If the government fails this test - and it looks likely to - Greece may be heading to the polls soon. That prospect will certainly find the country's European partners in disarray. A SYRIZA surge under the current conditions would put an end to the positive spin, sending a bad message to German voters who will be heading to the polls this September. But it is imperative we talk about why Europe still puts up with a government that has clearly lost its marbles when it comes to freedom of speech. ERT's rich history means ordinary people won't give it up easily, and its staff, finally liberated after receiving the final blow from a government that's been gunning for them every step of the way, are broadcasting vitriolic comments against New Democracy, naming names and scandals that previously they had been afraid to.

The next few weeks look likely to prove crucial for Greece's future.

Follow Yiannis on twitter @yiannisbab

A man walks past wall art showing a television test pattern and reading "no signal" in central Athens. Photograph: Getty Images

Yiannis Baboulias is a Greek investigative journalist. His work on politics, economics and Greece, appears in the New Statesman, Vice UK and others.

BFM TV
Show Hide image

Emmanuel Macron's "moralisation of politics" comes at a heavy price for his allies

"Fake" jobs in French politics, season 3 episode 1.

Something is rotten in the state of France. No political party – at least none that existed before 2016 – seems immune to the spread of investigations into “fake” or shady parliamentary jobs. The accusations sank centre-right candidate François Fillon’s presidential campaign, and led to Marine Le Pen losing her parliamentary immunity in the European parliament (and proxy wars within her party, the National Front). Both deny the allegations. Now the investigations have made their way to the French government, led by Edouard Philippe, Emmanuel Macron’s Prime Minister.

On Wednesday morning, justice minister François Bayrou and secretary of state for European affairs Marielle de Sarnez announced their resignation from Philippe’s cabinet. They followed defence minister Sylvie Goulard’s resignation the previous day. The three politicians belonged not to Macron's party, En Marche!, but the centrist MoDem party. Bayrou, the leader, had thrown his weight behind Macron after dropping his own presidential bid in April.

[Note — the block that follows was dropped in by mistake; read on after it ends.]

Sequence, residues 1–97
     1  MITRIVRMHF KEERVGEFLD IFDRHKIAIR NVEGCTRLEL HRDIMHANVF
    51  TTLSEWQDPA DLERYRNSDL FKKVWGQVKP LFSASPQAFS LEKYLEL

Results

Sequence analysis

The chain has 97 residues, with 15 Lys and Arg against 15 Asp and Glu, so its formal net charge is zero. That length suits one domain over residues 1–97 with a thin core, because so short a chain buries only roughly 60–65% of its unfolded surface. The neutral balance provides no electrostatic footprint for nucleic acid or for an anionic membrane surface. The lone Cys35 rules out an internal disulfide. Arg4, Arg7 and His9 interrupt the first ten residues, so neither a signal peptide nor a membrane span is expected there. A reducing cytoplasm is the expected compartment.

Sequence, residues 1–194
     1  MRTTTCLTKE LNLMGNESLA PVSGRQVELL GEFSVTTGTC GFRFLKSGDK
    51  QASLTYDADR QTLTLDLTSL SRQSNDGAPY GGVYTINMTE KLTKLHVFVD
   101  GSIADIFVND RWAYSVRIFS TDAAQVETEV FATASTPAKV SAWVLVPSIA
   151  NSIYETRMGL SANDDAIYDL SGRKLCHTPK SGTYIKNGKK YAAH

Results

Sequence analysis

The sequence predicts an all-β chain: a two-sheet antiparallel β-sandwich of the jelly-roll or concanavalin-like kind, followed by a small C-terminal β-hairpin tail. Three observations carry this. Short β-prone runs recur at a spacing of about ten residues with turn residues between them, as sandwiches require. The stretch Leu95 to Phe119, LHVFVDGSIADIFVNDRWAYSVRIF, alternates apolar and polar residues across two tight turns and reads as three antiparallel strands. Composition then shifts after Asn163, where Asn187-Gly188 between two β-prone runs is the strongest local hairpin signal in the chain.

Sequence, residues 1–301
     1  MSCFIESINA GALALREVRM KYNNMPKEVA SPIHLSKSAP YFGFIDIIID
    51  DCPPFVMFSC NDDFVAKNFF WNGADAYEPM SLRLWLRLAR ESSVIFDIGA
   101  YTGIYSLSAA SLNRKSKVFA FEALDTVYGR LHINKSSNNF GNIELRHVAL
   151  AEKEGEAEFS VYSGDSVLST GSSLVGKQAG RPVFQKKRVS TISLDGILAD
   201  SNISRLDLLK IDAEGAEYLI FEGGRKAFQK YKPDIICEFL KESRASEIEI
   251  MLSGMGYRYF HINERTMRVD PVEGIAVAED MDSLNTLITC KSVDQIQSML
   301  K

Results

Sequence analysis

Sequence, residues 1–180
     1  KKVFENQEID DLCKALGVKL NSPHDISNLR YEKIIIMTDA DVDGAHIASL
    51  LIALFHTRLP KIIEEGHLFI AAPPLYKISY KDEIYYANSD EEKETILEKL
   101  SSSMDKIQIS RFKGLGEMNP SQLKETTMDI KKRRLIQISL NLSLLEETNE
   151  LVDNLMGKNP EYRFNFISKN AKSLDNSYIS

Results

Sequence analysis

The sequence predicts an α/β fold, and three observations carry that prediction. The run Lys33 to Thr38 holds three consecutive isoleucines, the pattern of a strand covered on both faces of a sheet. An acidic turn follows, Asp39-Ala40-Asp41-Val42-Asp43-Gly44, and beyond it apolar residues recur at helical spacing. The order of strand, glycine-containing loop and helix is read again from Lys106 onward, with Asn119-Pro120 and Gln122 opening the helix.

The disappearance of three ministers leaves Emmanuel Macron’s cross-party government, which includes politicians from centre left and centre right parties, without a centrist helm. (Bayrou, who has run several times for the French presidency and lost, is the original “neither left nor right” politician – just with a less disruptive attitude, and a lot less luck). “I have decided not to be part of the next government,” he told the AFP.

Rumours had been spreading for weeks. Bayrou, who was last part of a French government as education minister from 1993 to 1997, had been under pressure since 9 June, when he was included in a preliminary investigation into “embezzlement”. The case revolves around whether the parliamentary assistants of MoDem's MEPs, paid for by the European Parliament, were actually working full or part-time for the party. The other two MoDem ministers who resigned, along with Bayrou, also have assistants under investigation.

Bayrou has denied the allegations. He has declared that there “never was” any case of “fake” jobs within his party and that it would be “easy to prove”. All the same, by the time he resigned, his position as justice minister has become untenable, not least because he was tasked by Macron with developing key legislation on the “moralisation of politics”, one of the new President’s campaign pledges. On 1 June, Bayrou unveiled the new law, which plans a 10-year ban from public life for any politician convicted of a crime or offence regarding honesty and transparency in their work.

Bayrou described his decision to resign as a sacrifice. “My name was never pronounced, but I was the target to hit to attack the government’s credibility,” he said, declaring he would rather “protect this law” by stepping down. The other two ministers also refuted the allegations, and gave similar reasons for resigning. 

Macron’s movement-turned-unstoppable-machine, En Marche!, remains untainted from accusations of the sort. Their 350 new MPs are younger, more diverse than is usual in France – but they are newcomers in politics. Which is exactly why Macron had sought an alliance with experienced Bayrou in the first place.

0800 7318496